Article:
I cried both tears of joy and sorrow watching some of my friends' dreams fulfilled while others' came to an end. My Genius met his goal of a huge PR and is now a 2:40 marathoner. Twenty-five women met the B standard and qualified for the Olympic Marathon Trials, including 6 of my Impala teammates! I was so impressed watching the huge pack of women along the course on their way to this major achievement. A couple of my friends missed the qualifier, but impressed me nonetheless with their determination and commitment to their goal. Kerry Camberg posted about her experience here. I have to say that her commitment to the goal and attitude about the journey make her my new heroine.
I was all fired up after watching the race and took on my own challenge of running my first 20 miler in a month. I wasn't sure how I would feel. My legs were sore from my speed work on Friday followed by 14 hours in the car, but I negative split the run and felt particularly strong the last few miles. I was also surprised that I had accumulated 80 running miles for the week.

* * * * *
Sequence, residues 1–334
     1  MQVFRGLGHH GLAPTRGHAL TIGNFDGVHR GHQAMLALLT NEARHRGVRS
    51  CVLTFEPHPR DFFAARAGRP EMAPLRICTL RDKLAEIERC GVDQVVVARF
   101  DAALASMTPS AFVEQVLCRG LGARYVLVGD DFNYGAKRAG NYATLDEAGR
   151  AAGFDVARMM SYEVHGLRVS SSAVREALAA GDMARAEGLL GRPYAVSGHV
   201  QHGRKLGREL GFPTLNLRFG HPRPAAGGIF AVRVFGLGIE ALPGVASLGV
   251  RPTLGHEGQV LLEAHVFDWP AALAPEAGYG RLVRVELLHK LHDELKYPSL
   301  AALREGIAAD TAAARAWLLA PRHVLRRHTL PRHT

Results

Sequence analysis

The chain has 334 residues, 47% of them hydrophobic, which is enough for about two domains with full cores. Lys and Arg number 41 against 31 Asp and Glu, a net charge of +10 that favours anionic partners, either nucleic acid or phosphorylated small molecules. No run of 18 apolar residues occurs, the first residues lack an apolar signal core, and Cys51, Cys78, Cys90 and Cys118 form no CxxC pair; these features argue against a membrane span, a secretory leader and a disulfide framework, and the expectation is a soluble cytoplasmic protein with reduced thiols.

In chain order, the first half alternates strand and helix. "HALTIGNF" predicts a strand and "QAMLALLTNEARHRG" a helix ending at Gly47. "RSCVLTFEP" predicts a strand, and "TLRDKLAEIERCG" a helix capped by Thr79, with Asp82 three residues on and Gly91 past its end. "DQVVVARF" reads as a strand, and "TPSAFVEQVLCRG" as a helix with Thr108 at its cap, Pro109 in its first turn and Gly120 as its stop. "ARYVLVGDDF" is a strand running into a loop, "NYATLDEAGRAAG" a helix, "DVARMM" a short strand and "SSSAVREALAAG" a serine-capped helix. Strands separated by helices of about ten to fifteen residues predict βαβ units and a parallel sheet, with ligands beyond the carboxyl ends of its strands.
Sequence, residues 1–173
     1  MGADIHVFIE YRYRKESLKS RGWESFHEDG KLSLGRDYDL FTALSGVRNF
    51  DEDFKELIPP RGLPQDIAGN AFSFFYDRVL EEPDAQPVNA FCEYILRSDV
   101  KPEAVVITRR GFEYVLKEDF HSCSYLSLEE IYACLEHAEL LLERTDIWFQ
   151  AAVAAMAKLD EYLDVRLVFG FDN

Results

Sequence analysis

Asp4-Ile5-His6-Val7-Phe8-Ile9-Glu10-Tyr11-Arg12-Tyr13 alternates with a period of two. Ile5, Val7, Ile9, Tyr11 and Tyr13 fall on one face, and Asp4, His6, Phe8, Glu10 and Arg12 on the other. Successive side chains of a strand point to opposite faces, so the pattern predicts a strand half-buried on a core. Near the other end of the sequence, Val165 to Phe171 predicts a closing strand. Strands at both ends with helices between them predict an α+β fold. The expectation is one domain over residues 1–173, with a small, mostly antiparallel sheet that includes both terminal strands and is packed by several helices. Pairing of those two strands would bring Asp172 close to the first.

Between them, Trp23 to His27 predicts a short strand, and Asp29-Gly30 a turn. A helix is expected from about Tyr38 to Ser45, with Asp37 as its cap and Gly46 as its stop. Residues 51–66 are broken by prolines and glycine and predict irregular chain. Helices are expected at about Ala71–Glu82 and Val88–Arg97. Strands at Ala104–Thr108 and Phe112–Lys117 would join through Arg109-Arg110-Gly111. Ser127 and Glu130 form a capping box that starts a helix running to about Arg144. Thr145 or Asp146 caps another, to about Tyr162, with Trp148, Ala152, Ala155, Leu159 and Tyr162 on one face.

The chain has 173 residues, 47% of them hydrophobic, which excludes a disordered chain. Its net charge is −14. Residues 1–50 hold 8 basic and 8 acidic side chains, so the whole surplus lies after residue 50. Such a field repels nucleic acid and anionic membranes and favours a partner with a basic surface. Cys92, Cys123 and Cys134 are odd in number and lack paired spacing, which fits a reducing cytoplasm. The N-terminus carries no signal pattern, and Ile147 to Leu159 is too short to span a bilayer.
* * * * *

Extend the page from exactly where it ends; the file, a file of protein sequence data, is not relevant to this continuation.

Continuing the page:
My coach told me I needed to get back on schedule with my training since there is not a lot of time left to get in big miles and bigger workouts. So, I jumped back in with a double run on Tuesday including an evening track session of 12 miles including 10 x 800m with 2 minute jog rest. I felt like doggie doo and my splits reflected that. I started out running 2:50-2:51 thinking I would cut down from there and I just didn't have the legs for it. I had a minor breakdown around the 4th repeat and thought about throwing in the towel. That's when I thought of Kerry and came up with my mantra for the evening, "Kerry don't Kwit!" Running hard was what really mattered at this point, and I wanted to have the satisfaction of completing the workout.